The other factor that doesn’t get nearly the attention that it deserves, is the number of Greenwich families that decided to upsize in 2020. I had six sales last year where the buyers were doing just this. I was elected to the Board of Assessment Appeals and we are hearing assessment appeals this week. Three quarters of the appeals that I heard were from Greenwich residents who had bought another house here in Greenwich.
It could be that our out-of-town buyers didn’t know about the appeals process, but I will say that every buyer I had last year asked about taxes and assessments. It could also be that our local residents know how to find particularly good deals even in a pandemic. Regardless, lots of our Greenwich residents have been upsizing and our older homeowners continue to downsize here in Greenwich at similar historical rates. Some are going to Florida and other southern climes, but they have already done. The impression is that in the Covid era, that’s increased, but there is no good way to quantify people’s reasons for moving.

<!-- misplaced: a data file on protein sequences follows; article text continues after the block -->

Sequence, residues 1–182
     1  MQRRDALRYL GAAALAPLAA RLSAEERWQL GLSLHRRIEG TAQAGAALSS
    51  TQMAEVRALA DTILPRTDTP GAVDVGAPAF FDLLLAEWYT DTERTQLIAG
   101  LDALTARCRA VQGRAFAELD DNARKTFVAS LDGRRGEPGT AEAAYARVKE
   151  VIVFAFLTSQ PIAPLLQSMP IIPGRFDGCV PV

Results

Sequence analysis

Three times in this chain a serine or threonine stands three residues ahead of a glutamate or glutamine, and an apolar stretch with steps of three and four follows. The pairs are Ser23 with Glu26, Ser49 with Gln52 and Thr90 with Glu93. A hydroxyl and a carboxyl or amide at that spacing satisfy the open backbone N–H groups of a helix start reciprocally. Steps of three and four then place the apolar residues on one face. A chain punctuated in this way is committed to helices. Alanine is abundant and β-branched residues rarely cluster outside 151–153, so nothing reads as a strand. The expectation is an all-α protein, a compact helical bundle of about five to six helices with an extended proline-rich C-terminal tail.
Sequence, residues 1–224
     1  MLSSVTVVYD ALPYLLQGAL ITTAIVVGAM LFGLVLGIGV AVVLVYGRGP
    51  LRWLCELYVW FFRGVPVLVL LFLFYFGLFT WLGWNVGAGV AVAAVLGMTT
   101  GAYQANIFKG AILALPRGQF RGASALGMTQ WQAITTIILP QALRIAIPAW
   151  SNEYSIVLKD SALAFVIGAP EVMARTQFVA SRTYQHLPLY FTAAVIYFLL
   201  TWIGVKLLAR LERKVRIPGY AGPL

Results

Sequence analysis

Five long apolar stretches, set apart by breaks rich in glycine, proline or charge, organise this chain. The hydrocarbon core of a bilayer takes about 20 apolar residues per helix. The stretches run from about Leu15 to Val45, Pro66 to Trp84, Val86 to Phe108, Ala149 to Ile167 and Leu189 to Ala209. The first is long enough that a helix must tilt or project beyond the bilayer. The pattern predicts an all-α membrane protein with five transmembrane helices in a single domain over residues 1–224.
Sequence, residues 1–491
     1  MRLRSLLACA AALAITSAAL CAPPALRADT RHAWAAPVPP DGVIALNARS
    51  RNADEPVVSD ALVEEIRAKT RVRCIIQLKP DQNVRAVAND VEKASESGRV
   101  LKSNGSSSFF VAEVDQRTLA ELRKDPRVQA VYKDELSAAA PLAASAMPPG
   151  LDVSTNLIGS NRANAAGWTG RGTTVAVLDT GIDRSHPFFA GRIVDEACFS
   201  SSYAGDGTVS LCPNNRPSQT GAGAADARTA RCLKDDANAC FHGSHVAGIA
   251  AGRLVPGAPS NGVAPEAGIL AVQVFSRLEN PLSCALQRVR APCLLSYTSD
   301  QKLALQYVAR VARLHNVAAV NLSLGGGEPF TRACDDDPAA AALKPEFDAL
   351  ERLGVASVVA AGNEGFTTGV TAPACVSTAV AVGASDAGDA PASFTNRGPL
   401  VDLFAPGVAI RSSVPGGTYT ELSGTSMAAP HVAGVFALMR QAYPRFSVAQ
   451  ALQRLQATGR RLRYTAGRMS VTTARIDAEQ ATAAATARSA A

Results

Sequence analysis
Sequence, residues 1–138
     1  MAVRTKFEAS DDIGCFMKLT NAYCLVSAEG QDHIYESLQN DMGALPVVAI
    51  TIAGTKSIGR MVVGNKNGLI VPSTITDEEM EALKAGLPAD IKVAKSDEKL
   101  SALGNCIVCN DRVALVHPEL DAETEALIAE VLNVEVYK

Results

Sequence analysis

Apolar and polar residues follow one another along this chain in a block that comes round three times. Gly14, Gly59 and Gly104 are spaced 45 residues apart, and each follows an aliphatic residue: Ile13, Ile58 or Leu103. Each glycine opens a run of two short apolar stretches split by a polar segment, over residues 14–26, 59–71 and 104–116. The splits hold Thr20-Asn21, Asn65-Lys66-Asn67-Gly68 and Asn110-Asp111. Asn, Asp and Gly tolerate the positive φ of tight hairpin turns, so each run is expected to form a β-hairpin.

One thing that is clear is that we had lots of local homeowners that were willing to list their houses last year. Our sales were up 334 houses in 2020 over 2019 for total sales of 861 houses. Much of this additional inventory were from the so called “shadow” inventory of people that had been waiting years to sell. The question is how much shadow inventory is left, based on the first two months, the answer maybe not much. Then again sellers may be waiting for the crocuses and the climatic spring.
The Covid Housing Paradigm Shift
One of the main factors driving our intra-Greenwich buyers is that lots of Greenwichites need a different house. Today’s buyers want two, and even three offices. Kids also need virtual schooling area(s). Parent’s don’t want the school site to be in a remote bedroom on the third floor. At the same time, we are seeing some movement away from the very open floor plan. When the whole family is home, the whole day, for the whole week, having some private get-away space becomes a necessity.